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Psychological Research

, Volume 49, Issue 1, pp 17–22 | Cite as

Auditory-visual interaction and the timing of inputs

Thomas (1941) revisited
  • Monique Radeau
  • Paul Bertelson
Article

Summary

The objective of this study was to analyze the structural properties of the respective inputs that are conducive to immediate auditory-visual cross-modal bias. The study was designed as an updated and extended replication of one by Thomas (1941). Subjects were presented with either auditory or visual target signals in several positions around the median plane, together with a competing signal, always in the other modality, 15° to the left or to the right of that plane. The task was to indicate whether the target signal came left or right of center. Target and competing signals were delivered according to three temporal configurations: continuously on for 4 s, or periodically interrupted at either a fast or a slow tempo, and all combinations of the three configurations were used. Judgements of the location of the auditory target signal were attracted toward the visual competing signal in all conditions but two, those with a periodic target signal and a continuous competing one. Conditions with the two signals in the same configuration yielded larger biases than those combining different configurations, confirming that synchronization of discordant inputs is a major condition of cross-modal interactions. The occurrence of significant bias in nonsynchronous conditions, on the other hand, suggests that another factor might be the attraction of localization responses by competing signals with salient temporal configurations, and that interruption might be one important source of saliency. Auditory biases of visual localization were, as usual, smaller than visual biases, but nevertheless reached significance in a majority of conditions, and were also influenced by timing in much the same way as the latter.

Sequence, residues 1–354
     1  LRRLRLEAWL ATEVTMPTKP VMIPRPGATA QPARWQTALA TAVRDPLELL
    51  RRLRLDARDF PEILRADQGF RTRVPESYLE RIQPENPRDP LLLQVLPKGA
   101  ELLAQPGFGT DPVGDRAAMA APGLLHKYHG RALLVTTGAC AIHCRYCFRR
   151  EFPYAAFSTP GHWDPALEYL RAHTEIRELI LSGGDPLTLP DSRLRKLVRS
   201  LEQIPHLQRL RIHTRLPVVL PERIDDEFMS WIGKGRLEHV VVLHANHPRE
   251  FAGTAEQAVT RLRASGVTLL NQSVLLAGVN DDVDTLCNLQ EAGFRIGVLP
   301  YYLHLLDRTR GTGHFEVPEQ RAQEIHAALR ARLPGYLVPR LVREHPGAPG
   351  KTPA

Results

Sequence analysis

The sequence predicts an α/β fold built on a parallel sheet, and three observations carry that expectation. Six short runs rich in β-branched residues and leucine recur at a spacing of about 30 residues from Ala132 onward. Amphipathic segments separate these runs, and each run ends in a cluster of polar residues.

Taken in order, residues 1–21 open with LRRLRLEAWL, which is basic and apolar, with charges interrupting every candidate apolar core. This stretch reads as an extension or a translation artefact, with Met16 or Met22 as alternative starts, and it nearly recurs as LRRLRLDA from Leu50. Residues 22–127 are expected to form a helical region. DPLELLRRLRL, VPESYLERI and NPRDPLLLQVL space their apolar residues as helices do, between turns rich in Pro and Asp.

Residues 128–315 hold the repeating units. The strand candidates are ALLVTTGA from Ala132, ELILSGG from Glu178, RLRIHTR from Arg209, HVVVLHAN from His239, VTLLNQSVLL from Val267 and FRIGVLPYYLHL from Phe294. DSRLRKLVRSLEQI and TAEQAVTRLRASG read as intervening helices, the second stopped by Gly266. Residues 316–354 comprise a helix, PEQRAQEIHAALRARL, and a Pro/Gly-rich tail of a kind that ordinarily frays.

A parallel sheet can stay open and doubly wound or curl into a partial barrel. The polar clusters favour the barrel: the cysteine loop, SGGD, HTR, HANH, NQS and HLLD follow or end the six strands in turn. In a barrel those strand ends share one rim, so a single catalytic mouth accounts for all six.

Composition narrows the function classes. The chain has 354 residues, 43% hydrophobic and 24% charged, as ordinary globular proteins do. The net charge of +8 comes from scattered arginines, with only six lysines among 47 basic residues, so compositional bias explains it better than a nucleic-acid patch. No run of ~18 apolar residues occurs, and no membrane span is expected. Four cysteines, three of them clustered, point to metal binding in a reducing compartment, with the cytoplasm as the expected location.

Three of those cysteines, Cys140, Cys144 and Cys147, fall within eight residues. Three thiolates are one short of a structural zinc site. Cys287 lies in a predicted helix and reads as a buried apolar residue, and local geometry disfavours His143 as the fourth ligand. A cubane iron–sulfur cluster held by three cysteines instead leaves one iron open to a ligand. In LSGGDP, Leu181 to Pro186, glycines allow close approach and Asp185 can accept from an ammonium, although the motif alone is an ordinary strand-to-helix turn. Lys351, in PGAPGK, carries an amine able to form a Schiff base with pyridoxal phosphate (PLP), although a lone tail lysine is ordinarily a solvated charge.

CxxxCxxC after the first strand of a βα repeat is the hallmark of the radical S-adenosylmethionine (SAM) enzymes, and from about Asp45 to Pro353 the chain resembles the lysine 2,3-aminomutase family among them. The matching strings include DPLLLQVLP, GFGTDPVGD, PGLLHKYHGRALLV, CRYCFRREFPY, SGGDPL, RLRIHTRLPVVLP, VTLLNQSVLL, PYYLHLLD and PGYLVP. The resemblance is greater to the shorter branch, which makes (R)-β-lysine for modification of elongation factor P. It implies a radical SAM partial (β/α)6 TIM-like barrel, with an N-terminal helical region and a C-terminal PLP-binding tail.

Keywords

Structural Property Visual Target Target Signal Localization Response Significant Bias 
These keywords were added by machine and not by the authors. This process is experimental and the keywords may be updated as the learning algorithm improves.

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Copyright information

© Springer-Verlag 1987

Authors and Affiliations

  • Monique Radeau
    • 1
  • Paul Bertelson
    • 1
  1. 1.Laboratoire de Psychologie expérimentaleUniversité libre de BruxellesBruxellesBelgium

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